Stock markets worldwide have been on a torrid run during 2019, making gains worth more than $17 trillion in total value, Deutsche Bank’s latest calculations showed on Wednesday.
The value of global equities started the year just below $70 trillion but has now exceeded $85 trillion, according to a chart from Deutsche Bank’s Torsten Slok.
The gains were buoyed by easier monetary policy and political developments around the globe.
Central banks worldwide have adopted a more dovish approach, boosting markets. For instance, the U.S. Federal Reserve has cut its benchmark interest rate three times this year, and the European Central Bank (ECB) lowered its already negative rates even further.
The global trade outlook — witnessing turmoil since the election of U.S. President Donald Trump and the vote for Brexit in the United Kingdom — also became more clear during the year.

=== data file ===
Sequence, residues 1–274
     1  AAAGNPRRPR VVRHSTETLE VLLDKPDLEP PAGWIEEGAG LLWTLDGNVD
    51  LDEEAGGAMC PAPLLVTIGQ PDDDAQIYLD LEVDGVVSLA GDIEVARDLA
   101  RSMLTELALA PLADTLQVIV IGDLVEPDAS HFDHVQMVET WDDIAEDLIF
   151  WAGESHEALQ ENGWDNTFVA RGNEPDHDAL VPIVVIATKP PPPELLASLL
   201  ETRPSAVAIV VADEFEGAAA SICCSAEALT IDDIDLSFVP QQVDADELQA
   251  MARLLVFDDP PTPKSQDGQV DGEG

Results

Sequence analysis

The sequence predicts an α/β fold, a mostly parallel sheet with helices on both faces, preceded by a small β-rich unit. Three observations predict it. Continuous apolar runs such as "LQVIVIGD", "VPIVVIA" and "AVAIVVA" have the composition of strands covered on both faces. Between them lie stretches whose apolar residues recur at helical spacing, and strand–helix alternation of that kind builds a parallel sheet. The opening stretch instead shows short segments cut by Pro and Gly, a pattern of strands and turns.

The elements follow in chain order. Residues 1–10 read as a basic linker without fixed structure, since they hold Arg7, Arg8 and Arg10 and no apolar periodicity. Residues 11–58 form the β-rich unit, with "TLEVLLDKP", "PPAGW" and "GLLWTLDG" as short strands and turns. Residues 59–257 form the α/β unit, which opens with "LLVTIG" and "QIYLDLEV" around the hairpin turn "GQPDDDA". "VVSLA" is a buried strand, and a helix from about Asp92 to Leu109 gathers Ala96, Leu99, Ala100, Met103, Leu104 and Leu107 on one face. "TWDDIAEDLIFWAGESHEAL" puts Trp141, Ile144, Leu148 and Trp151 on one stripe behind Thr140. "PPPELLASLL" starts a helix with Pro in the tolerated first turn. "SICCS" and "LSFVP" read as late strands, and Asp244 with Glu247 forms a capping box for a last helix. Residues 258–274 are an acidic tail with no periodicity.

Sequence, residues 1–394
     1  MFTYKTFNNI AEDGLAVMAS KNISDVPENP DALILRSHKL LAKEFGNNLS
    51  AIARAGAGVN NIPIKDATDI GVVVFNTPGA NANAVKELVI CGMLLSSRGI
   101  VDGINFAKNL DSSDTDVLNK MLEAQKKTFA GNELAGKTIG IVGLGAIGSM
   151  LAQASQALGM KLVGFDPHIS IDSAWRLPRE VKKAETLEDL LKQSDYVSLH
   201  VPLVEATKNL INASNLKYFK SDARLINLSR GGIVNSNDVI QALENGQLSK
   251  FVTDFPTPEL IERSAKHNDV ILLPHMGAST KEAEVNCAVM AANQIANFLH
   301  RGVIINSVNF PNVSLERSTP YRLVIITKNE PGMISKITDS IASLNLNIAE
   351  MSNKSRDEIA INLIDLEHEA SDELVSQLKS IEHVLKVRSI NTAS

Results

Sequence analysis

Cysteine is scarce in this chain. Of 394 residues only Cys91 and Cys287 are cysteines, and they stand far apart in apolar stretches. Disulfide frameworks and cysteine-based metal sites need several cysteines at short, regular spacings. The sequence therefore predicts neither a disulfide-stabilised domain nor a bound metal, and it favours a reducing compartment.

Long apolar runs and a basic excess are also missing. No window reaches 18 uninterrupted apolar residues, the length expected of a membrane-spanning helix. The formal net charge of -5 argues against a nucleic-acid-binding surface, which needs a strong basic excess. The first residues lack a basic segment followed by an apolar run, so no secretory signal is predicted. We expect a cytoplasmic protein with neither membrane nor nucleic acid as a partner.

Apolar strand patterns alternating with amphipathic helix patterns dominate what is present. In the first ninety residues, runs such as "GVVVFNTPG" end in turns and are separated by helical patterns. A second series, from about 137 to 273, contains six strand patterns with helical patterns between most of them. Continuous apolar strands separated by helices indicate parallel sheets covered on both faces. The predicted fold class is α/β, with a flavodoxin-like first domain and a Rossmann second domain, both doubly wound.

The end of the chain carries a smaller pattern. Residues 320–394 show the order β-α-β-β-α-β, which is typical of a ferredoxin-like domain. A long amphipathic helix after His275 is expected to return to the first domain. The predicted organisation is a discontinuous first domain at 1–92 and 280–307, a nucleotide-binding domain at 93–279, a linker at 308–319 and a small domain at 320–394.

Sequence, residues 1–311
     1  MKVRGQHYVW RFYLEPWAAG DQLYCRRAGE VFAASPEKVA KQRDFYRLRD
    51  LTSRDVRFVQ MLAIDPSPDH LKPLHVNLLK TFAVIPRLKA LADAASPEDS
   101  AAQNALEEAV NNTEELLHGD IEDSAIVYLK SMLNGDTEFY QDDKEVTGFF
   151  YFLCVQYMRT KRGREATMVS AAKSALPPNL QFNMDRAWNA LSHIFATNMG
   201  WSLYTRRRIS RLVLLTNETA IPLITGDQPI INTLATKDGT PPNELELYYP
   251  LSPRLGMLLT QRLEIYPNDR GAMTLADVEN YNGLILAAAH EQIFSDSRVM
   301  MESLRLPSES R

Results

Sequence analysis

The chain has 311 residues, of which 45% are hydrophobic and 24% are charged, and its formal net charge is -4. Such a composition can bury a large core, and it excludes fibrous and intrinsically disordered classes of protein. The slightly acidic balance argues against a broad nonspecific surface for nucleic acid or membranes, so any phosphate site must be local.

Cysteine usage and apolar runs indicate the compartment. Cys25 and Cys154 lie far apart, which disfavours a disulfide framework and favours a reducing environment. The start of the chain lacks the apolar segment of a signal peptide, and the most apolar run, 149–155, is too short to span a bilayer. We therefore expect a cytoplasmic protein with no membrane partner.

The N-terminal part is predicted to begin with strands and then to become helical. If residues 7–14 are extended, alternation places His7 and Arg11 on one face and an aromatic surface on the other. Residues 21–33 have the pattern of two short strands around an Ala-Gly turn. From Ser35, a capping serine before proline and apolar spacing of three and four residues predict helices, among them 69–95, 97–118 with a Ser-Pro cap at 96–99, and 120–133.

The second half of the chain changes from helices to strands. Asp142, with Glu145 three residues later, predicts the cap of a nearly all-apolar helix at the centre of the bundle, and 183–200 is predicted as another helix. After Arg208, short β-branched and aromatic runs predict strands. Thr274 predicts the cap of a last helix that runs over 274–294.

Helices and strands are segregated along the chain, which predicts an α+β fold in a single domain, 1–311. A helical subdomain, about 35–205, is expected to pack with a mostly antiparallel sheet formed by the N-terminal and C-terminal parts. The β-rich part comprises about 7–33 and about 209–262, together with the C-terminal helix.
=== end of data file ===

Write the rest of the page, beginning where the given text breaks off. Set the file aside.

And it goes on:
The large climb for world stock markets has been widely dominated by the U.S. markets. The rally in the U.S. has been broad, with the S&P 500, Dow Jones Industrial Average, and Russell 2000 all growing more than 20 percent during 2019.
On the U.S. trade fronts, the House of Representatives passed the new North America trade deal from the Trump administration. The country eventually reached a preliminary deal with China in phase one of trade negotiations.
In Europe, the resounding victory for UK Prime Minister Boris Johnson – from Conservatives Party – is expected to give him the authority to negotiate the country’s long-awaited exit from the European Union.
Big years for some of the globe’s most valuable companies, such as an 80 percent gain for Apple and a 57 percent gain for Facebook, have helped trigger the surge.